Safely Starting Back Up After COVID-19

BIC - June 2020
By: Shawn M. Galloway
Printable Version

As companies pursue a return to normal operations in this uncertain time, how prepared are they to prevent injuries and damage to their safety culture? Whatever their previous safety strategy was, it is time to recreate it in light of these new realities.

With a push to restart the global economy, and due to understandable financially motivated decisions, certain organizations throughout the world are beginning to phase their workforce back into the field. They are doing so while attempting to return to the previously normal cadence of business activities. However, what worked in the past to prevent injuries and illnesses on and off the job will not be part of a workable strategy going forward. Whatever your company's strategic priorities and supporting initiatives were, times have changed, and so must your safety strategy. A people-centered, yet physical distant, safety strategy is needed.

Aligning Employees — Employees will be returning to work. Some have been away from their jobs for months, some only weeks. How will you ensure they are familiarized with the risks they will face? What falls within their collective and individual responsibilities to help mitigate those risks? What information do they need to safely restart their jobs? What do they need in the form of employee assistance programs? Some of these employees were themselves sick or tragically lost loved ones to the virus. Some will be new to the company, as furloughed or laid-off employees might have found other employment. What are your strategic priorities to ensure alignment with the workforce?

Aligning Leadership — Leaders will now have face time with their workforce again. Many of these individuals themselves face the same challenges as their employees. In their leadership roles, will they be prepared to demonstrate the behaviors of the newly needed leadership style? Have you outlined what they will need to do differently to advise, counsel, coach, facilitate, communicate, nudge, etc., their teams? Do they have the skills necessary to fulfill these responsibilities? How will you ensure this is all taking place? What are your strategic priorities to ensure alignment with those in leadership positions?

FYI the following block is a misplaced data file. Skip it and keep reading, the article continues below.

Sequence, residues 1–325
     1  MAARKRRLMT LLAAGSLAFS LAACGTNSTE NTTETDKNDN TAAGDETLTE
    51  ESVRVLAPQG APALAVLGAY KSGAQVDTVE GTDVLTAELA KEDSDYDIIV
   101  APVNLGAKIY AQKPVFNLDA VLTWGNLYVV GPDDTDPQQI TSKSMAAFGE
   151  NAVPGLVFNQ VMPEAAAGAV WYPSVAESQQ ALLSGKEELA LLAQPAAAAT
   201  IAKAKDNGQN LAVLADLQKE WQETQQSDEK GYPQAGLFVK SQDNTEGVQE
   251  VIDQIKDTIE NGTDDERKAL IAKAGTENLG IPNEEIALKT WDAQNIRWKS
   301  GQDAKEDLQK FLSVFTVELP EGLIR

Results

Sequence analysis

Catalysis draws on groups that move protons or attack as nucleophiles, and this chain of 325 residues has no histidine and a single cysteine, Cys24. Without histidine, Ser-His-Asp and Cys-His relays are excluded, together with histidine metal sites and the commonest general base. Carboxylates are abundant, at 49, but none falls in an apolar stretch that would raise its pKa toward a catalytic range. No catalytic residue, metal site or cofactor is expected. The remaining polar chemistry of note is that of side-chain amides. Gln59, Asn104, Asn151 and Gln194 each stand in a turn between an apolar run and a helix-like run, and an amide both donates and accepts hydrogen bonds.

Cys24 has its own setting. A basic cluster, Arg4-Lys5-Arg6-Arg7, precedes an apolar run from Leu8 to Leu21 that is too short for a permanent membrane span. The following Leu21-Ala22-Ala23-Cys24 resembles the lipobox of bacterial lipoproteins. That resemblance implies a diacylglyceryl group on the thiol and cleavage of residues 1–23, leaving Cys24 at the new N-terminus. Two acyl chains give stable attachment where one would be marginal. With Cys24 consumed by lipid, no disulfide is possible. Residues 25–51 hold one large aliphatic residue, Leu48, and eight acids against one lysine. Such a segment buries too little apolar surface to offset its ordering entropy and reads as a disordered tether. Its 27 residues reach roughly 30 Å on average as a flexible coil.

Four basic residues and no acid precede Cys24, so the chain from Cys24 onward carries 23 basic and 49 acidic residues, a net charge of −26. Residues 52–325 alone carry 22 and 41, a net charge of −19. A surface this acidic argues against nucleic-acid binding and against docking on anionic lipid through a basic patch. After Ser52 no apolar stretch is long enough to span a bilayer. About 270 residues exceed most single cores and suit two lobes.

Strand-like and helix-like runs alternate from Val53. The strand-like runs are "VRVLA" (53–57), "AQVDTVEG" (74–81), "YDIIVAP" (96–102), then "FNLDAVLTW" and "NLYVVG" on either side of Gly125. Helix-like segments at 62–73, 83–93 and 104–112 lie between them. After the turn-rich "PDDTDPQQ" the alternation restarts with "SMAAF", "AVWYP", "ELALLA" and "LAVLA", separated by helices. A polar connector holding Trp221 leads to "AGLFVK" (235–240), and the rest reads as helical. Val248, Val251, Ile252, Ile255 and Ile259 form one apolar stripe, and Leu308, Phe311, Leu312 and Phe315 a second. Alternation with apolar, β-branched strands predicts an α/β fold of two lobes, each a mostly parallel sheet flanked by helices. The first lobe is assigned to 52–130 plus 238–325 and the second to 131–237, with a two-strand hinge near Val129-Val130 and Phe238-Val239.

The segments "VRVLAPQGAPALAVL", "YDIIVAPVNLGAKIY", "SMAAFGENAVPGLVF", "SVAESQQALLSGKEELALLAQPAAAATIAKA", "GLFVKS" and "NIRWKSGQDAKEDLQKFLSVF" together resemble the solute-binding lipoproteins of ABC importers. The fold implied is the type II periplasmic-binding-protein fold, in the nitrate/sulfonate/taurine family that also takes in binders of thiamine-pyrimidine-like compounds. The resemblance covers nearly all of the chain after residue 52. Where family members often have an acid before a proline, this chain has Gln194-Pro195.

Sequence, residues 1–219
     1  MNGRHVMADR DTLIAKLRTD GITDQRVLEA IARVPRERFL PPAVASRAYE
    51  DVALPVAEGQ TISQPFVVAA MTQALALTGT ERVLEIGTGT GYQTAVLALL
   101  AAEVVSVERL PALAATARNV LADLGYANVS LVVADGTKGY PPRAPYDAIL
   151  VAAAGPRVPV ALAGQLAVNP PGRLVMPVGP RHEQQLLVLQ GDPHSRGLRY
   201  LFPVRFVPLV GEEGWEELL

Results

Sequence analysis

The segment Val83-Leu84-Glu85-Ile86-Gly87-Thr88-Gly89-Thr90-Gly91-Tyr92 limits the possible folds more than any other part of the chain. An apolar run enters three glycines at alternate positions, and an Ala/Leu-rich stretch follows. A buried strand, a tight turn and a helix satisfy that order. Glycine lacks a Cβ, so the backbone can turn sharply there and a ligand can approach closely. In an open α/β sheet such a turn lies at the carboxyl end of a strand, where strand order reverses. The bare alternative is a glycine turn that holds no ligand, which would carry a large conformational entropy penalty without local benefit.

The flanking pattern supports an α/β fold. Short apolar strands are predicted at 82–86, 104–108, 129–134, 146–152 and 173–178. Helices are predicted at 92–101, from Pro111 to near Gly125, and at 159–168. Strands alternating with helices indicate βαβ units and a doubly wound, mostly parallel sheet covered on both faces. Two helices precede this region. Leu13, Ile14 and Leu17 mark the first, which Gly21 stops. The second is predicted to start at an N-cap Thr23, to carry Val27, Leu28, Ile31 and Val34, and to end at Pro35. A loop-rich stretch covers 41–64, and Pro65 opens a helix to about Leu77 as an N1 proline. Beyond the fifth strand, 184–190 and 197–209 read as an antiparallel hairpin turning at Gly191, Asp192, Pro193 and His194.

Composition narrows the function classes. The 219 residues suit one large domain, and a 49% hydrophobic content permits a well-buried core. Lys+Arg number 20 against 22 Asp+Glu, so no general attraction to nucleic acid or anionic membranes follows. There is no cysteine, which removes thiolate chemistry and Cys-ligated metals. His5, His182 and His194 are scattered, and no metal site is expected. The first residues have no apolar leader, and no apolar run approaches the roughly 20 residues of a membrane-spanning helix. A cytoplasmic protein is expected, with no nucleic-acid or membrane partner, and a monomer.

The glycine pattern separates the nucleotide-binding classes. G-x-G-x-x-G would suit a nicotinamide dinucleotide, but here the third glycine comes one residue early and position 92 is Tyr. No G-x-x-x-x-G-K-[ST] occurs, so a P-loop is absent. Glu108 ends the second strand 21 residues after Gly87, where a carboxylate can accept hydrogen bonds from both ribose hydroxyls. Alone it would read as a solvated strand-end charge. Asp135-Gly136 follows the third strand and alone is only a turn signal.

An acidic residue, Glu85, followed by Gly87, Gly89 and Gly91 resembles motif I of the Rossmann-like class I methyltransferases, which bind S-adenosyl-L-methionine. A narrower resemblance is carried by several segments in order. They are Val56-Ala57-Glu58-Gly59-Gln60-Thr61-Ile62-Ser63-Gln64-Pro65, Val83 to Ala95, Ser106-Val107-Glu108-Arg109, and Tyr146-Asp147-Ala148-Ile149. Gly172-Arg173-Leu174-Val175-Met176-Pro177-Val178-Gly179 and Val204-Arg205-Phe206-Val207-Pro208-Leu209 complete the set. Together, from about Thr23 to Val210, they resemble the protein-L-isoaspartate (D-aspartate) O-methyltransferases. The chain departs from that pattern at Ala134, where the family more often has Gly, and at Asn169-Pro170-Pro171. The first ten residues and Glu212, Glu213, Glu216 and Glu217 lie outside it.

Aligning Safety Culture — Cultures and subcultures within many companies might have changed, for better or worse, based on shared perceptions of how the company handled its response to this virus. There will likely be new viral stories and fresh experiences shared across the workgroup that will create positive or negative impressions of how much emphasis the company places on safety versus production. These impressions stem from the impressions originally formed when the virus first made news and evolve based on how the company restarts its operations. What are your strategic priorities to ensure the alignment to the safety culture you need to get over the next hurdles?

Adherence to CDC Guidelines — CDC's guidelines on social distancing (only small group gatherings, maintaining 6 feet or 1.5 meters' distance from others), utilizing face masks, and frequent washing of hands or using hand sanitizer are still in place for many until further notice. How will you redesign jobs' specific tasks and the working environment to adhere to these guidelines for the foreseeable future?

These are strategic safety decisions that will impact operations. Ensure collaboration occurs between the heads of operations and safety. These forces must join to customize a plan that works for your company's unique operational, cultural and logistical realities. What will your people-centered, yet physically distant, strategy be?

Shawn M. Galloway is the CEO of ProAct Safety and co-author of several bestselling books. As an award-winning consultant, adviser, leadership coach and keynote speaker, he has helped hundreds of organizations within every major industry to improve safety strategy, culture, leadership and engagement. He is also the host of the highly acclaimed weekly podcast series Safety Culture Excellence®.
For more information, call (936) 273-8700 or email

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